Nice graph

Twitpoll results

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Building research capacity in speech and language therapy – Part 3 (Resources for EBP)

I almost forgot I was going to do what I’m about to do as I was originally intending to include this information in Part 2.But as that got a bit too long it probably works out quite well as a post on its own.

Tis truly a plentiful bounty of EBP resourcesI’ll also just preface the main point of this post with a pertinent account of a brief exchange I had with two students in my clinical education tutorial group today while we were waiting for the remaining members of the group to join us.We got to talking about despite it being the first day of term following the 4 week Easter vacation, Mondays just have this habit of making you feel like you’ve not had a break for ages – especially when you’ve just come out of a two-hour class on Research Methods (the students, not myself).This led one student to comment something along the lines of “and I’m not really sure what we’re ever going to use research methods for anyway” to which the other paused then replied something like “well probably for our dissertation but after that I don’t really know“. So, resisting the temptation to let my head drop to the table, as after all they are only in the second year of their four-year course (and they will get more modules which draw out aspects of this later on), I took the opportunity to suggest how such skills should be useful in carrying out Evidence Based Practice, which, is also what I am attempting to instill in them at this stage by asking them to develop therapy tasks based on evidence and citing this evidence in their written therapy plans. I don’t want to go into this in any more detail but I think it raises an interesting issue from a clinical education point of view in that we may be thinking we are instilling principles of evidence based practice but do students appreciate this at the time in that particular stage of their development in becoming SLTs?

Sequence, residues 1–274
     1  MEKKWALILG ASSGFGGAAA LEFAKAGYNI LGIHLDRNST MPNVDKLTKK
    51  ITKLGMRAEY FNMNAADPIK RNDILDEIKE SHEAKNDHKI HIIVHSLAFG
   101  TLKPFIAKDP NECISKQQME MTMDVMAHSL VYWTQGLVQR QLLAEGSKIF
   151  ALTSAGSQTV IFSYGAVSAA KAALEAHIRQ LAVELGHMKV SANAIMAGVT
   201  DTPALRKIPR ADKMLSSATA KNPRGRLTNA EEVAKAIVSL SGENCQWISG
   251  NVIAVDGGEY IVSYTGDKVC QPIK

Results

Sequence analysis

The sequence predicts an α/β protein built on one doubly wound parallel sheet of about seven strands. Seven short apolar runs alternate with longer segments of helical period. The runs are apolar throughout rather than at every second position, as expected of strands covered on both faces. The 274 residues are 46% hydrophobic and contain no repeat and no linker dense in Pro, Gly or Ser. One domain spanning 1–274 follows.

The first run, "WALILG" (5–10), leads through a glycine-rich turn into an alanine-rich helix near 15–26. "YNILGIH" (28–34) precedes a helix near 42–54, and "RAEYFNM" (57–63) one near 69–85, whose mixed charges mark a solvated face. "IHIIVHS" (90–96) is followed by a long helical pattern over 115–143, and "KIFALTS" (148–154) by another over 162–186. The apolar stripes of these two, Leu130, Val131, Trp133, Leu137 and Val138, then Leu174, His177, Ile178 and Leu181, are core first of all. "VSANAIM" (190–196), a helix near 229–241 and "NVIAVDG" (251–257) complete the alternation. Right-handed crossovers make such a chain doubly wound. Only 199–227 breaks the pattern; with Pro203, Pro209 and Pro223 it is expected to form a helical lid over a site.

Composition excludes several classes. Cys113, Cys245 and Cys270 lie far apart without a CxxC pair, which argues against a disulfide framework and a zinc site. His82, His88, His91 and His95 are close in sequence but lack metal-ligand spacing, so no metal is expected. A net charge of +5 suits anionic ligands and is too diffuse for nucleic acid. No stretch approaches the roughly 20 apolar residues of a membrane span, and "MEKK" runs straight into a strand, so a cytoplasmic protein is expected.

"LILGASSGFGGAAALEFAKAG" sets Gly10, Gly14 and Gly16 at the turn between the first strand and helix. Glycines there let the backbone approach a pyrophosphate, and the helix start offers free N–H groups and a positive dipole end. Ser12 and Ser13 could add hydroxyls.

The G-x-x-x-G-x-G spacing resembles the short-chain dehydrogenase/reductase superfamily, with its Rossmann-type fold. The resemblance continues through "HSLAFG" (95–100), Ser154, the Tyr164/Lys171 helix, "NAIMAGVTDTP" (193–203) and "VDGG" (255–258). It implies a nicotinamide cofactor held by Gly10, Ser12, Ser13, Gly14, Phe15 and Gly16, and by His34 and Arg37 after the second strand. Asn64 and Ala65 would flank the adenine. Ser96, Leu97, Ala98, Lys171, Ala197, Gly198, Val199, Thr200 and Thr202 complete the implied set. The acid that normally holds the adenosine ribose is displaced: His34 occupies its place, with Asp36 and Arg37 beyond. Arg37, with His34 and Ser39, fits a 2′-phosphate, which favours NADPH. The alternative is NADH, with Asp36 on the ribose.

And with that:

I’m just basically going to provide a list of resources that SLTs (and other Allied Health Professionals) may find helpful in their quest to implement Evidence Based Practice, or dare I say it, have a go at some research.Some will probably only be relevant/accessible by UK SLTs but most should be useful for others too.